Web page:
15. State diagram for a multi-robot system Flowchart of robot’s controller Ijspeert et al. look for sticks start N search object detected? Y u s Y obstacle? obstacle avoidance grip N Y gripped? N success grip & wait Y time out? N release N Y teammate help?

  16. Model Variables • Macroscopic dynamic variables Ns(t)= number of robots in search state at time t Ng(t)= number of robots gripping state at time t M(t)= number of uncollected sticks at time t • Parameters • connect the model to the real system a= rate of encountering a stick aRG= rate of encountering a gripping robot t= gripping time

  17. find & grip sticks successful collaboration unsuccessful collaboration for static environment Initial conditions: Mathematical Model of Collaboration

  18. Dimensional Analysis • Rewrite equations in dimensionless form by making the following transformations: • only the parameters b and t appear in the eqns and determine the behavior of solutions • Collaboration rate • rate at which robots pull sticks out

  19. Searching Robots vs Time t=5 b=0.5

  20. b=1.5 b=1.0 b=0.5 Collaboration Rate vs t Key observations • critical b • optimal gripping time parameter

  21. b=1.5 b=1.0 b=0.5 Comparison to Experimental Results Ijspeert et al.

  22. Summary of Results • Analyzed the system mathematically • importance of b • analytic expression for bc and topt • superlinear performance • Agreement with experimental data and simulations

  23. Foraging in Robots

  24. Robot Foraging • Collect objects scattered in the arena and assemble them at a “home” location • Single vs group of robots • no collaboration • benefits of a group • robust to individual failure • group can speed up collection • But, increased interference Goldberg & Matarić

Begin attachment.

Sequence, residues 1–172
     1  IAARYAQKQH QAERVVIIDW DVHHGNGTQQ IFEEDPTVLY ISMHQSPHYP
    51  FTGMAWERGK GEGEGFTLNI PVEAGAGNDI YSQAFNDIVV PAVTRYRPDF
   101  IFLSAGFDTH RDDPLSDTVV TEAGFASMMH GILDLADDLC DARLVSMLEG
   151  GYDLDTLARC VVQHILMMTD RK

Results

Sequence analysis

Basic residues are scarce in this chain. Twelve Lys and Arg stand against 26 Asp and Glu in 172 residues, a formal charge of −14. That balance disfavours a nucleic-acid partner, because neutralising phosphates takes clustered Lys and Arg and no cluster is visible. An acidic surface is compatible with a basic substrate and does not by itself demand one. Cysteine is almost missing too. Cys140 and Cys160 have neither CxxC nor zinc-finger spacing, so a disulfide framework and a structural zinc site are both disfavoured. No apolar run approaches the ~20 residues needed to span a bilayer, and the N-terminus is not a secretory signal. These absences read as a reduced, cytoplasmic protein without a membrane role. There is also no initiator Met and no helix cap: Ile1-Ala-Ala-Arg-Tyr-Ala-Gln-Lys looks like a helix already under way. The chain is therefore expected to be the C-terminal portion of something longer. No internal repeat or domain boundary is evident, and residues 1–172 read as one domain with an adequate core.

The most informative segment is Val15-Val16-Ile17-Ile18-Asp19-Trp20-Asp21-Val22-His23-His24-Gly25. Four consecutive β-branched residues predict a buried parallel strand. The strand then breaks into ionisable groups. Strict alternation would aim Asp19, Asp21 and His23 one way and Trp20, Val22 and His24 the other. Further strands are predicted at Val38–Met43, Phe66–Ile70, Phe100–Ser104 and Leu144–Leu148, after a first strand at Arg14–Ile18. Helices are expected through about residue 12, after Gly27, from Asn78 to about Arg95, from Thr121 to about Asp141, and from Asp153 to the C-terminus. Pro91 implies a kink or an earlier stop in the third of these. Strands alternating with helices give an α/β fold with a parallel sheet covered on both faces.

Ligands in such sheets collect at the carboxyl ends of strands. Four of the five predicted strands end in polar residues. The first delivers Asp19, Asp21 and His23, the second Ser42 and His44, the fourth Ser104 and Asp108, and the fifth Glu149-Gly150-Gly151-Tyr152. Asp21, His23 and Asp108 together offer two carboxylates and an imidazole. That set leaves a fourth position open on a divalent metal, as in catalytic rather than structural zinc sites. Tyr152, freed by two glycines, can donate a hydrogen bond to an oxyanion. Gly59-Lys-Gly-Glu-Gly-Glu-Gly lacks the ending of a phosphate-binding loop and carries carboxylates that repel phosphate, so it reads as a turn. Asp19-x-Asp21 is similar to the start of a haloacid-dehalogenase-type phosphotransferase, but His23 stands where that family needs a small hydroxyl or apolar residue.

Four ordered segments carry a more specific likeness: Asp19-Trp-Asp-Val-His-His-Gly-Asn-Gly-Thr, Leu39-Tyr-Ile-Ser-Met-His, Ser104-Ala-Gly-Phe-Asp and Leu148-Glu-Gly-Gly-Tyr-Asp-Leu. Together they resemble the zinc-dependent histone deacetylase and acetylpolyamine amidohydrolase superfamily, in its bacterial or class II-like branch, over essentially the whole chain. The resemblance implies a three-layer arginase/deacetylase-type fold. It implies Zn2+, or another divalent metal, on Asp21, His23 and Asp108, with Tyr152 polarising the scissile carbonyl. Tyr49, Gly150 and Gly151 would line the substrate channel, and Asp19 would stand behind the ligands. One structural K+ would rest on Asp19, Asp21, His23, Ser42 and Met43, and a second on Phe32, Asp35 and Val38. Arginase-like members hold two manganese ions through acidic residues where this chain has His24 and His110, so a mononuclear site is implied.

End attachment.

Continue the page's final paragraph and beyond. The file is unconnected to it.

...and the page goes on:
25. Interference & Collision Avoidance • Collision avoidance • Interference effects • robot working alone is more efficient • larger groups experience more interference • optimal group size: beyond some group size, interference outweighs the benefits of the group’s increased robustness and parallelism

  26. searching homing avoiding avoiding State Diagram look for pucks start object detected? obstacle? avoid obstacle grab puck go home

  27. Model Variables • Macroscopic dynamic variables Ns(t)= number of robots in search state at time t Nh(t)= number of robots in homing state at time t Nsav(t), Nhav(t) = number of avoiding robots at time t M(t)= number of undelivered pucks at time t • Parameters ar= rate of encountering a robot ap= rate of encountering a puck t= avoiding time th0= homing time in the absence of interference

  28. Average homing time: Mathematical Model of Foraging Initial conditions:

  29. Searching Robots and Pucks vs Time robots pucks

  30. Group Efficiency vs Group Size t=1 t=5

  31. Sensor-Based Simulations Player/Stage simulator number of robots = 1 - 10 number of pucks = 20 arena radius = 3 m home radius = 0.75 m robot radius = 0.2 m robot speed = 30 cm/s puck radius = 0.05 m rev. hom. time = 10 s

  32. Simulations Results

  33. Simulations Results

  34. Summary • Biologically inspired mechanisms are feasible for distributed control in multi-agent systems • Methodology for creating mathematical models of collective behavior of MAS • Rate equations • Model and analysis of robotic systems • Collaboration, foraging • Future directions • Generalized Markov systems – integrating learning, memory, decision making